Hollywood on the Potomac

Obama tells thousands at Lincoln Memorial he's hopeful despite challenges

WASHINGTON -- President-elect Barack Obama is "as hopeful as ever" that the nation will overcome the most difficult challenges it has faced in generations.

Obama told a crowd attending a preinaugural concert at the Lincoln Memorial that they are the ones responsible for his promise of change.

He spoke of men and women from different backgrounds who asked "only for what was promised us as Americans -- that we might make of our lives what we will and see our children climb higher than we did."

"Anything is possible in America," declared the man who will confront economic crisis and two wars when he takes office.

"Despite the enormity of the task that lies ahead, I stand here today as hopeful as ever that the United States of America will endure — that it will prevail, that the dream of our founders will live on in our time," the president-elect said at the conclusion of a musical extravaganza that featured U2, Beyonce, Bruce Springsteen and a host of other stars.

Solving the nation's problems will take time, he said. The road will be long and the climb will be steep.

Under the gaze of Abraham Lincoln's statue, Bruce Springsteen and a red-robed gospel choir kicked off a spirited preinaugural concert Sunday before tens of thousands on the National Mall.

The crowd erupted in cheers when Obama and his wife, Michelle, arrived, walking down the steps of the memorial, and kept applauding for the high-energy Springsteen act and the performances that followed. There was no red carpet, but the event had the feel of a Hollywood awards ceremony, with stars taking the stage to praise and serenade the next president.

Performers including U2, Beyonce and James Taylor were on the bill.

A crowd expected to reach up to a half-million was stretched past the reflecting pool separating the Lincoln Memorial and the Washington Monument.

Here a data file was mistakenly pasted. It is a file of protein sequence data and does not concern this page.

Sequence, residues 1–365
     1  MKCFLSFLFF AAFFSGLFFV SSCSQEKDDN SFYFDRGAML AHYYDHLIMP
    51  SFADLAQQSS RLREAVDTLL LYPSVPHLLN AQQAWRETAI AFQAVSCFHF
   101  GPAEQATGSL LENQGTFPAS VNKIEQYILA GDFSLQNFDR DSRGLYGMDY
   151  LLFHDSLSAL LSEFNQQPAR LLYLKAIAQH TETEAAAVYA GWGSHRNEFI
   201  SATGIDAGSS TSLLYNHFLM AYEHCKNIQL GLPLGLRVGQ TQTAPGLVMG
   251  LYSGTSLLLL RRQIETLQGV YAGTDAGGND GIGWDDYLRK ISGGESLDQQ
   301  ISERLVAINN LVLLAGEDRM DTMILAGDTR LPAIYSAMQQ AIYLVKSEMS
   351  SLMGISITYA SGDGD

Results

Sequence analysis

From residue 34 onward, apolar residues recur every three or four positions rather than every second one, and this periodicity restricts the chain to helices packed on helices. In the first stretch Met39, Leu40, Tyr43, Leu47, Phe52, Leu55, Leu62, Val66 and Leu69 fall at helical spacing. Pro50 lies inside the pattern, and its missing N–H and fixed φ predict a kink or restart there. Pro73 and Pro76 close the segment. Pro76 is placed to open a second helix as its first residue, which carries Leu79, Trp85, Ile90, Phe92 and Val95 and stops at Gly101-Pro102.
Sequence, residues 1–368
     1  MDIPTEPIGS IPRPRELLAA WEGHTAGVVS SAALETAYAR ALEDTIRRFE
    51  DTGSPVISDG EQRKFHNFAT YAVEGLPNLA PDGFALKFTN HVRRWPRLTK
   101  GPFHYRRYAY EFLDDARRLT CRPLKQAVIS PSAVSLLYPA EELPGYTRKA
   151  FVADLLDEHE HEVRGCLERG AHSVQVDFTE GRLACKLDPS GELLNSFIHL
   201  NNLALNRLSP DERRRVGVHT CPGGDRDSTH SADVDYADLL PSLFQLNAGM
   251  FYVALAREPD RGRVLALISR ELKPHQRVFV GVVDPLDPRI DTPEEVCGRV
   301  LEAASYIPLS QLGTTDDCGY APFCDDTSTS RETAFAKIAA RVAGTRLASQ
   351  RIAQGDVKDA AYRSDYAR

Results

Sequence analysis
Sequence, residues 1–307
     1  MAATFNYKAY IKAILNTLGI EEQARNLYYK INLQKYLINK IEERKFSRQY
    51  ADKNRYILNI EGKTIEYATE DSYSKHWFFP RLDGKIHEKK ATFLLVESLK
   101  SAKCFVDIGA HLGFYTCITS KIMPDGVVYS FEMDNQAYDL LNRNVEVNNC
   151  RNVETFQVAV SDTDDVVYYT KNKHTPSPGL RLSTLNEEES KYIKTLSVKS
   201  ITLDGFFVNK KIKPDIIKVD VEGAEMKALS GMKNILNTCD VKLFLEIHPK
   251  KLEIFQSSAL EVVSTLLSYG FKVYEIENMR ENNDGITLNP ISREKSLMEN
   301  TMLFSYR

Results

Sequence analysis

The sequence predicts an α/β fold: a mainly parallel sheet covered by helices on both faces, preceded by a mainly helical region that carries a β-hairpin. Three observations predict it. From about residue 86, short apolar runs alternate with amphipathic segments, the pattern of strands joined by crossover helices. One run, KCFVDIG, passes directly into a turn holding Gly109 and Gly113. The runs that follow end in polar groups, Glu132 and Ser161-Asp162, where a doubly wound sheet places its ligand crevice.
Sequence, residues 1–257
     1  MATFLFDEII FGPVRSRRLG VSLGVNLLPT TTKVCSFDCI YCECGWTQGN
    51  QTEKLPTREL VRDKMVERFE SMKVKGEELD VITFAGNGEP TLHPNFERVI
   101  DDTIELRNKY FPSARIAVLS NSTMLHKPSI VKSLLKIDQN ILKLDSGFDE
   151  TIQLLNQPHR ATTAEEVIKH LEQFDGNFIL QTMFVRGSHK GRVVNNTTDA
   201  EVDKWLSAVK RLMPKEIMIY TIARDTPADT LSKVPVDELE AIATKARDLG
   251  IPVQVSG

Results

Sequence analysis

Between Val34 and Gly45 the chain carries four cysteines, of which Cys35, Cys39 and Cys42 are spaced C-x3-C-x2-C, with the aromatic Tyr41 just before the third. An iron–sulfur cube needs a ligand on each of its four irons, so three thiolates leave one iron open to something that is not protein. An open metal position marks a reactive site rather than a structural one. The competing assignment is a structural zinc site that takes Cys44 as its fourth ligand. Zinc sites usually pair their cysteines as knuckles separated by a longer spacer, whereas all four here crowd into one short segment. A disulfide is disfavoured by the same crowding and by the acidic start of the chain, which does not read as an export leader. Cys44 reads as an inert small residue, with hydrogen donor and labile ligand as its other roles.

Obama and his wife and Vice President-elect Joe Biden and his wife, Jill, sat behind bullet-proof glass near the stage erected on the steps of the memorial.

The concert began with Springsteen, dressed in black, singing "The Rising," with the help of the choir, taking a song best known as a call to action following the 2001 terror attacks and using it to usher in a new era in American politics.

Denzel Washington was the first celebrity to speak, telling the crowd, "we are all in this together."

Another speaker was actor Tom Hanks, who as Forrest Gump famously gave a speech at the monument steps and jumped into the reflecting pool. This time, he appeared in a dark suit and read a somber tribute to Abraham Lincoln.

Jamie Foxx brought many in the crowd -- and the Obamas -- to their feet by repeatedly urging those from Chicago to make some noise: "Chi-town, stand up!" he demanded.

Foxx then launched into a quick impersonation of the president-elect.

Joe Biden told the crowd: "Look around you. Look at the grace and grandeur that surrounds us and you'll see the work of American hands."

The crowd threw their hands up for Garth Brooks' thumping rendition of "Shout!" supported by a massive choir wearing red and blue jackets against the cold.

 The crowd, including Obama and Biden, were writhing when Stevie Wonder, Usher, and Shakira pumped out Wonder's classic "Higher Ground."

 Sheryl Crow and will.i.am performed "One Love," and golf great Tiger Woods, the son of a military man, urged the audience to remember the sacrifices of military families.

 The event began with a convocation by the Right Rev. Gene Robinson, who asked the crowd to pray for "understanding that our president is a human being and not a messiah."

Copyright AP - Associated Press
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